1. Evaluate your rights in the situation. Assertive communication expresses your rights in a situation and allows you to get the respect you deserve. You must look at the situation carefully to determine your rights. For example, a student may have a right to challenge a grade given by a professor. Assertive communication expresses the student's right to discuss their grade without aggressively pursuing the grade they may want.

2. Designate a time to discuss what angers you. Often you will be more successful in your requests for change if you set up an appropriate time to discuss your problem. An angry outburst in an inappropriate situation may hurt your chances of getting what you want. Instead, ask the person if they have time to discuss the situation in a place where your conversation can be private, calm, and constructive.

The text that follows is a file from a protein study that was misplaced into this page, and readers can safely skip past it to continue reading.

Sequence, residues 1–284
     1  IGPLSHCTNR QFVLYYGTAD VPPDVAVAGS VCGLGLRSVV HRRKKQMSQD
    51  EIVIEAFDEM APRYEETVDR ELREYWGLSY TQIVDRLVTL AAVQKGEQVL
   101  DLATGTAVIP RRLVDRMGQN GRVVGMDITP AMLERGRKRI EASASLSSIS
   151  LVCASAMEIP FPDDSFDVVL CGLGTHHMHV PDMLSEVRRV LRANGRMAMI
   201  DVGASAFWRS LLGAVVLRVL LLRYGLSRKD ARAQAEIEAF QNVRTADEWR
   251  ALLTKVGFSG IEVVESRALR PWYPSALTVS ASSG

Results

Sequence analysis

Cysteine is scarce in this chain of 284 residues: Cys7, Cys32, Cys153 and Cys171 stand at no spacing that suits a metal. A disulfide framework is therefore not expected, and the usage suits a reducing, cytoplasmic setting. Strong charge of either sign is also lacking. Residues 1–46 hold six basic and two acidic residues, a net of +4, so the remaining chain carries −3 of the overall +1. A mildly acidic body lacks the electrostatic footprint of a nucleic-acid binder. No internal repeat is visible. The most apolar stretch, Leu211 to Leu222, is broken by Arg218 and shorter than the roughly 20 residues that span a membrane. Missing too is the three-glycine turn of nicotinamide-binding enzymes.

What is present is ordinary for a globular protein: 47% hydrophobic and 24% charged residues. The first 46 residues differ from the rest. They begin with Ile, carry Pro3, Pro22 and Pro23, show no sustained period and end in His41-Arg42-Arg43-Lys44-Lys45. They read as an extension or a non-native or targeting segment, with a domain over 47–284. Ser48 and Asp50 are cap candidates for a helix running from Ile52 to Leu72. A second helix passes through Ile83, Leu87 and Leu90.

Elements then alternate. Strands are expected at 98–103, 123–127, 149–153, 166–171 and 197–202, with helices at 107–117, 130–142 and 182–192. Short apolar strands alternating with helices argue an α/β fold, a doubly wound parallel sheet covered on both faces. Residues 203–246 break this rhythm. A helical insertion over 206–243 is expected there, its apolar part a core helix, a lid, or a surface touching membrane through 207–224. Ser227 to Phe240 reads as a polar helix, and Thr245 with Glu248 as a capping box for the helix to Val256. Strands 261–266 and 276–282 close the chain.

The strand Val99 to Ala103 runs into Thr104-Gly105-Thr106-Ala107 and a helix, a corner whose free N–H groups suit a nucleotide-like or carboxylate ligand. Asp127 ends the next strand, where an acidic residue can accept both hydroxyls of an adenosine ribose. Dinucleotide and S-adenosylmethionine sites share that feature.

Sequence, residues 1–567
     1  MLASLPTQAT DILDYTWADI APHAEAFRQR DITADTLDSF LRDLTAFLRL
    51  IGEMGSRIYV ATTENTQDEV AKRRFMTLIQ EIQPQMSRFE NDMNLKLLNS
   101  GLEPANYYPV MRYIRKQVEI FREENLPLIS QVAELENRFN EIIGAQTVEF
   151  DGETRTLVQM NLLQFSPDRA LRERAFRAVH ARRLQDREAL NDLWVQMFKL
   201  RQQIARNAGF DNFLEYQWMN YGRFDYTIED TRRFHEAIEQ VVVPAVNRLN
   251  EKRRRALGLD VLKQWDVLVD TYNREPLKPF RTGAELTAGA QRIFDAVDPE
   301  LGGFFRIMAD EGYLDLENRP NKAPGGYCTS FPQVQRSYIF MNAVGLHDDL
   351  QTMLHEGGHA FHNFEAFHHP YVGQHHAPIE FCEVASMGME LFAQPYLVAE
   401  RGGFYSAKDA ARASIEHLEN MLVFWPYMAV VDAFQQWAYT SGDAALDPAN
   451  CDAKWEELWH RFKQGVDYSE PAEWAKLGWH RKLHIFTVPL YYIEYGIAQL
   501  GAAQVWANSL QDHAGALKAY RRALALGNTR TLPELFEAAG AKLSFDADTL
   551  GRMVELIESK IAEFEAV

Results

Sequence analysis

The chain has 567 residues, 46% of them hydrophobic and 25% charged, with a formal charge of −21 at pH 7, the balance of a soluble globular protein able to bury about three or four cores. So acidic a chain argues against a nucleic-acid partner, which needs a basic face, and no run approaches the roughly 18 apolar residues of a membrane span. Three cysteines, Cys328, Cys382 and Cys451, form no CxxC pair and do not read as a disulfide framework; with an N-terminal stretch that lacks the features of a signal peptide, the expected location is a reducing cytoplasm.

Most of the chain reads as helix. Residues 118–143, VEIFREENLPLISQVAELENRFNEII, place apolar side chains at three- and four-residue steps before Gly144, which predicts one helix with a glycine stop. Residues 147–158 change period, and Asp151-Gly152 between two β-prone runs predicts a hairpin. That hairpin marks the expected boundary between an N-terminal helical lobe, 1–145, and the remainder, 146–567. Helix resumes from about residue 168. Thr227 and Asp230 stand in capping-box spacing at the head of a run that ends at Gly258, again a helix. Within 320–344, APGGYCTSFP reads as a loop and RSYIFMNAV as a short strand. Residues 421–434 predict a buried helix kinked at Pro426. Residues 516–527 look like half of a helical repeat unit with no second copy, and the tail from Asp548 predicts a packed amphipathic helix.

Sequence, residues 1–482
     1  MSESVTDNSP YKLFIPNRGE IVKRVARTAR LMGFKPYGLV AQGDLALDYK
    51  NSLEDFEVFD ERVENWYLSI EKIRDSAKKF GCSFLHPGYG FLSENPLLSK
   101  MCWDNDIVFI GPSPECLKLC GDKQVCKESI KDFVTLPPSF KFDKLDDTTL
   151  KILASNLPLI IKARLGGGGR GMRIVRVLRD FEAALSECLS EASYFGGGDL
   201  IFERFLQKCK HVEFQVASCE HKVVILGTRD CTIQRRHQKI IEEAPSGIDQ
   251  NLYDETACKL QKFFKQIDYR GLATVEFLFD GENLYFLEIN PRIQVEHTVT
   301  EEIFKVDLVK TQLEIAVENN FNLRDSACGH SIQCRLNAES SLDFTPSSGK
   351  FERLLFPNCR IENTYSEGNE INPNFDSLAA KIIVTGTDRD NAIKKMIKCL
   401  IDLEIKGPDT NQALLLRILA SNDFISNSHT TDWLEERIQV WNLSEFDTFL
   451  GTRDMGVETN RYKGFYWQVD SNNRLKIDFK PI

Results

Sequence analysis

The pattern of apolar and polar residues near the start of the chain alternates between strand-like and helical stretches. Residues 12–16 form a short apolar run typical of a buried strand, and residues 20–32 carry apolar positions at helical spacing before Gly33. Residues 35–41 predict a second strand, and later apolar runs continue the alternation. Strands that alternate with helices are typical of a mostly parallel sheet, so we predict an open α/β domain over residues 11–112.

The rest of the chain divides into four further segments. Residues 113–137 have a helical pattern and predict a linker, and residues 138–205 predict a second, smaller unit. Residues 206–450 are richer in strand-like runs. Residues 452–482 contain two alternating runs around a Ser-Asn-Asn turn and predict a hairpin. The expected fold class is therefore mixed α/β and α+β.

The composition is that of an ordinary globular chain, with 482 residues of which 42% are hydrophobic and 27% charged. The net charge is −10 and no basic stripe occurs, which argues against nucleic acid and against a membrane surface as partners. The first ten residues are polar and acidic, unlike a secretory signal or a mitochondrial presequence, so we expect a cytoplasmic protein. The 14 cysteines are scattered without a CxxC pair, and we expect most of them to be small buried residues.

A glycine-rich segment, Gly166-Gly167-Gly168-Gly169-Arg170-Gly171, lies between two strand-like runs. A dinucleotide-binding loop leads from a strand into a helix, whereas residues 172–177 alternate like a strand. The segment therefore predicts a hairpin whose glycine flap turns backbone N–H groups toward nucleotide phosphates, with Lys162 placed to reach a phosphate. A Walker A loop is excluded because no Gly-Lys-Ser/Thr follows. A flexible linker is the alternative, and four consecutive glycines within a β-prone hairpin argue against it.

3. Address the issue that angers you in terms of its consequences for you. Help the other person see how the situation is affecting you. A student may tell his roommate that he feels disrespected when he is studying for an exam and the roommate invites friends over for a party in their room. This type of assertive communication helps others understand your perspective in a way that is not threatening.

4. Express your feelings about the situation in a calm and constructive way. This can involve using "I-statements" that focus on the individual's behavior and your reaction to it. For example, a person may say "I feel angry and embarrassed when you make fun of me in front of your friends." This is an assertive statement that expresses this person's feelings without blaming the other person or attacking them. Using the formula " I feel angry when you…." helps you stay calm and maintain a less threatening environment. Avoid judgments or accusations that attack the person rather than their behavior. You want to express yourself in a way that clearly communicates your feelings, but in a way that the other person does not feel attacked and does not become defensive.